• Communication

One of the first steps to perfect your marketing ops is understanding the ecosystem your marketing data lives in. Some valuable questions to ask are:

  • What data are we collecting in each app?
  • How should data interact with other apps?
  • How can we sync apps to enrich the data in each one?

With answers to these questions in mind, you can decide how best to integrate your apps and allow data to flow between them.

2. Ensure Clean, Up-to-date Data in Every App

To get the best results from integrations, you need high-quality data in every app. Dirty data in one app is bad, but the negative impact is multiplied for every new app it enters.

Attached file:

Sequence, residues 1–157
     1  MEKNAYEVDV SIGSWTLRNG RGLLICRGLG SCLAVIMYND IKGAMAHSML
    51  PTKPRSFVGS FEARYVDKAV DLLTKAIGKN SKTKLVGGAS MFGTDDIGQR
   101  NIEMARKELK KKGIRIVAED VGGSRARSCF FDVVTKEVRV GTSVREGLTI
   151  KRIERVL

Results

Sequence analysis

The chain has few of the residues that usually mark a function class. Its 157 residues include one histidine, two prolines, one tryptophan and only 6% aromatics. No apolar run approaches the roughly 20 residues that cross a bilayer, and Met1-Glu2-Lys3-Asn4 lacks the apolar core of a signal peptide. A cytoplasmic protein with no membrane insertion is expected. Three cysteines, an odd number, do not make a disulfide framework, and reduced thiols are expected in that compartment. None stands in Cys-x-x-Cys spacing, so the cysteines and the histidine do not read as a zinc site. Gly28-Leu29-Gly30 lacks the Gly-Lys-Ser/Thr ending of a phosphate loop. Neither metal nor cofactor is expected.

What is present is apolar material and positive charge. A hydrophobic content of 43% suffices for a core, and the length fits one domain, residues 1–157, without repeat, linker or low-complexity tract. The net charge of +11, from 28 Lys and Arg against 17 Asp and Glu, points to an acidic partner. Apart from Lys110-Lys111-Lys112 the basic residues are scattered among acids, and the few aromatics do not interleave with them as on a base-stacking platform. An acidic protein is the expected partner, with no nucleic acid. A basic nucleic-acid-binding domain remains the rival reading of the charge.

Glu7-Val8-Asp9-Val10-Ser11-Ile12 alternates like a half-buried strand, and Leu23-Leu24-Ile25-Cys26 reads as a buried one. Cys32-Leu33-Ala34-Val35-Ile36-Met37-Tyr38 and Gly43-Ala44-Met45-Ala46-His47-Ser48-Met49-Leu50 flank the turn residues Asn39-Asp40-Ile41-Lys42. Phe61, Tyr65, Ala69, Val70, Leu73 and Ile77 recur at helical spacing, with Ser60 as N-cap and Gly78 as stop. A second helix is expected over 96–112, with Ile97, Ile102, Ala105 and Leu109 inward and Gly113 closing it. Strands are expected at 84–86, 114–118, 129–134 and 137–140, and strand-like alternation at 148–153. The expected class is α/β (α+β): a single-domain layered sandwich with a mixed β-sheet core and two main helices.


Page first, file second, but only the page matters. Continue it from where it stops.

To prevent this, clean up the data in every app before adding new integrations. This includes:

  • Duplicate contacts
  • Inaccurate contact data
  • Unsubscribes
  • Bounced email addresses

With clean data in every app, you can seamlessly integrate your marketing platforms and create the most streamlined and effective marketing ops.

3. Make Your CRM the Heart of Your Marketing Ops

There’s a high chance your sales team is already using a CRM to store all of the key insights about your customers and their interactions with your business. That’s because centralizing your data in your CRM is one of the best things you can do for strong contact management.

One way to test the strength of your CRM is by checking if anyone in your business can answer questions about a contact and their interactions with your business – whether in sales, support, marketing, or billing – just by glancing at their contact record.